Bulletin Board Magazine 2019 Volume 1

Section 199A Regulations

Also, the businesses must satisfy at least two of the following tests: (1) the businesses must provide products or services that are the same or normally offered together, (2) the businesses must share facilities or significant centralized business elements such as accounting, purchasing, and personnel, and (3) the businesses must be operated in coordination with or reliance upon one or more businesses in the aggregated group, e.g., manufacturing and supply chain integration. The rules covering aggregation of trades or businesses also do not allow a specified service business to be aggregated with a non- specified service business. Aggregation is an elective determination and is not required. For passthrough businesses, the aggregation election is made at the partnership or S corporation level. Disclosure rules apply for tax return filing, i.e., taxpayers must disclose the businesses that are being aggregated. Year- by-year consistency is also required unless facts and circumstances change and businesses would not otherwise be eligible for aggregation. Rental Real Estate Safe Harbor The QBI deduction requires that the business must be treated as a trade or business under the Code Section 162 rules. Unless an activity rises to the level of being considered a trade or business, the deduction is not available. The final regulations kept the rule contained in the proposed regulations that the rental or lease of both tangible and intangible property to an operating business under common control (e.g., ownership of rental real estate that rents a facility to a manufacturing business with the same ownership) will be treated as a trade or business for purposes of the QBI deduction and may also be aggregated as long as the above aggregation rules are met. In addition, the IRS provided a proposed revenue procedure (Notice 2019-7) that contains a safe harbor test that treats a rental real estate activity as a trade or business if three conditions are satisfied.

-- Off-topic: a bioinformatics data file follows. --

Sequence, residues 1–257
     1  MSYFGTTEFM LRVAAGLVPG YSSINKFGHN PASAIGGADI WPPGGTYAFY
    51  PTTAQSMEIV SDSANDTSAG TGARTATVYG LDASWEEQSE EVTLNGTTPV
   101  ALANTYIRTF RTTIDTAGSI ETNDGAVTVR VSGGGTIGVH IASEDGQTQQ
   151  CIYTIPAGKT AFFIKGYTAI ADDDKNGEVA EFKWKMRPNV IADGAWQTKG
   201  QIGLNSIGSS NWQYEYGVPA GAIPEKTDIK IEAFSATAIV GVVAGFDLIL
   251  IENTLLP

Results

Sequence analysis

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The IRS Finalizes Section 199A Regulations by Edward P. Rigby, CPA, MST, The Curchin Group, LLC

Edward P. Rigby, CPA, MST The Curchin Group, LLC

L ast week, the IRS finalized the regulations providing guidance on the Section 199A deduction for qualified business income (“QBI”). The final regulations retain the majority of the rules contained in the proposed regulations that were issued this past August. They provide clarification on issues such as when businesses may be aggregated in determining QBI, how real estate rented to an operating business is treated, and what constitutes a specified service business. In conjunction with the release of the regulations last week, the IRS also issued a revenue procedure and a proposed revenue procedure covering the determination of wages and when rental real estate qualifies as a trade or business for purposes of the Section 199A deduction. In general, the Section 199A deduction is 20% of QBI, and is a deduction in determining taxable income. The deduction is available for individual businesses conducted as a sole proprietorship or passthrough entities such as partnerships and S corporations. C corporations are not eligible for the deduction. A limitation on the deduction applies to taxpayers with taxable income above certain thresholds, i.e., for 2018, the thresholds are $157,500 for single taxpayers and $315,000 for married joint filers. After 2018, these Limitations for Taxpayers with Taxable Income Over Certain Thresholds